Mass Shootings And Terror Attacks On Kids: Advice For Panicked Parents

In the wake of Tuesday's school shooting in northern California wounding children, occurring on the heels of the mass shooting November 5 at a Texas church where half of the victims killed were children, and the October 31 terror attack in New York City injuring two children in a school bus, internationally known psychologist Dr. Judy Kuriansky offers advice to panicked parents on how to cope.

Mass Shootings And Terror Attacks On Kids: Advice For Panicked Parents

In the wake of Tuesday's school shooting in northern California wounding children, occurring on the heels of the mass shooting November 5 at a Texas church where half of the victims killed were children, and the October 31 terror attack in New York City injuring two children in a school bus, internationally known psychologist Dr. Judy Kuriansky offers advice to panicked parents on how to cope.

New York, NY, November 17, 2017 ― In the wake of Tuesday's school shooting in northern California wounding children, occurring on the heels of the mass shooting November 5 at a Texas church where half of the victims killed were children, and the October 31 terror attack in New York City injuring two children in a school bus, internationally known psychologist Dr. Judy Kuriansky offers advice to panicked parents on how to cope.

Kuriansky, a psychology professor at Columbia University Teachers College, is well known as "Dr. Judy” for her decades of expert advice-giving on radio and TV, and in newspapers and magazines. Kuriansky provided mental health support after the mass shooting at the Sandy Hook Elementary school in December 2012 and the 9/11 terror attacks for families at the Family Assistance Center.

"Given so many recent attacks that involved children in church, school, or on a school bus, parents are becoming increasingly panicked about their children's safety when going about their normal daily life,” says Kuriansky. Some mothers of young children have even told Kuriansky that they want to keep their children home from school, and parents of adolescents are telling their children they can't go to concerts and clubs, since those places have also been targets.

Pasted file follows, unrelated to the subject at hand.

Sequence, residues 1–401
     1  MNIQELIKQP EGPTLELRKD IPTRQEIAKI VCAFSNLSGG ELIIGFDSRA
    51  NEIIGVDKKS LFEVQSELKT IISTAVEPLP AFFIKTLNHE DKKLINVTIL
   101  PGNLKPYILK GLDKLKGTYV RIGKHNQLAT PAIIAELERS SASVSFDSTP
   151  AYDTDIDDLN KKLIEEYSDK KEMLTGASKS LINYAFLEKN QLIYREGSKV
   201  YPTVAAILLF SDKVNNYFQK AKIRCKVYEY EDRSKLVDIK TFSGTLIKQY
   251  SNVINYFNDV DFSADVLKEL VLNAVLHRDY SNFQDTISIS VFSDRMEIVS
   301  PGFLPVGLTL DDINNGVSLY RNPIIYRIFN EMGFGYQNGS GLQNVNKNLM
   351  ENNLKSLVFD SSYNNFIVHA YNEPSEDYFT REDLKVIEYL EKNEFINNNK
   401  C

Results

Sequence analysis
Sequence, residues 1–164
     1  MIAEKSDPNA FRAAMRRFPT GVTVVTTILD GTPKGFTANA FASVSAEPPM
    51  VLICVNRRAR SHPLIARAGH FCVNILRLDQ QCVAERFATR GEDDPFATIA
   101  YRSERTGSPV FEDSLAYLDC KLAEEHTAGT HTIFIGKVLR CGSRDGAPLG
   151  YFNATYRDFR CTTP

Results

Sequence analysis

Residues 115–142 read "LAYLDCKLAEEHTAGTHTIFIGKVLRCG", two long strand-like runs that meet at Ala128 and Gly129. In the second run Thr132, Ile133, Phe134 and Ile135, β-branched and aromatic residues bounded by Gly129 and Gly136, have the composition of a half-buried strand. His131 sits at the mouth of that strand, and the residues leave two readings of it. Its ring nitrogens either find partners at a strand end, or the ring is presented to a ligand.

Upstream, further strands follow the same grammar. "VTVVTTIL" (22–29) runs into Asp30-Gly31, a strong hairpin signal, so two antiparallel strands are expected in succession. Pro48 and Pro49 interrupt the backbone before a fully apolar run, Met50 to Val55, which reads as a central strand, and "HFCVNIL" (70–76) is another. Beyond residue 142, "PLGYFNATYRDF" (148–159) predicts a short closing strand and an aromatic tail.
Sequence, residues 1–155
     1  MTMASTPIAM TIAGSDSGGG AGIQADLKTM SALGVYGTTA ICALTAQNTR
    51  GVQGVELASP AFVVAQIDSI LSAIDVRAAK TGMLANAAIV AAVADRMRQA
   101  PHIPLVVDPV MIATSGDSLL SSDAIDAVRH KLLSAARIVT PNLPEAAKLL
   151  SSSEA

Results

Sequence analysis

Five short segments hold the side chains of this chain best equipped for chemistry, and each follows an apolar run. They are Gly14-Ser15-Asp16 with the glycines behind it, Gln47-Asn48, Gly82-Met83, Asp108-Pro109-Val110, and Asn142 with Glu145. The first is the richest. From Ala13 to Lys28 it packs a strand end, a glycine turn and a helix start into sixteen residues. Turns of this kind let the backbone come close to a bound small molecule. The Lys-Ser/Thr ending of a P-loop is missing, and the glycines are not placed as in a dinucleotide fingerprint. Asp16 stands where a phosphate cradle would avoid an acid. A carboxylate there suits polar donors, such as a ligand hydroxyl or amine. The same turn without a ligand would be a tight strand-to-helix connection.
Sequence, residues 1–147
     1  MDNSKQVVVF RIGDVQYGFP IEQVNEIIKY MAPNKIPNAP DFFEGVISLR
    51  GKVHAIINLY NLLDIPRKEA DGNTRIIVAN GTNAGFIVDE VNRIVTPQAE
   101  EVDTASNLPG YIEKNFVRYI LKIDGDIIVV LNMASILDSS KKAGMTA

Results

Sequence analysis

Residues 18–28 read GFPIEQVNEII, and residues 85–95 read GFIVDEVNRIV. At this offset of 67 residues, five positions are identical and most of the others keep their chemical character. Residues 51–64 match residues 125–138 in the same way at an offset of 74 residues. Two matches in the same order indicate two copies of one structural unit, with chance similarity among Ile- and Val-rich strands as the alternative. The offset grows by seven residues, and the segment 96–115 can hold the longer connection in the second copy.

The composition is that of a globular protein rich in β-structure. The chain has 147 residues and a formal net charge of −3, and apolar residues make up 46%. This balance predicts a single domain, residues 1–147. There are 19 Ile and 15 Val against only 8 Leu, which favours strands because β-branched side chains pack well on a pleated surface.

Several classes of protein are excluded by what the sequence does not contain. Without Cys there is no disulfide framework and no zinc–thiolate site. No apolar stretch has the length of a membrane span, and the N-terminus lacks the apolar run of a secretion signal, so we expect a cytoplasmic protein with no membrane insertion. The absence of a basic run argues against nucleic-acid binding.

"Such feelings are normal, but cannot stop families from going about their normal life,” adds Kuriansky. "It's urgent we deal with emotions now in the immediate aftermath, since research shows the long-term effects of such traumas.”

Dr. Judy advises:

• Confront your own feelings. When children are injured or killed in attacks while going about their normal life, people naturally feel a tragedy even more strongly. Don't expose children to your own fears. Resist saying "be safe” every time children go out the door, or telling them to call you constantly while they are out, as such hyper-vigilance only heightens their own fears and insecurity. Process your feelings with adult partners and peers to avoid them spilling out on youth. Adult partners should especially accept any differences in their way of coping to prevent arguments that upset children.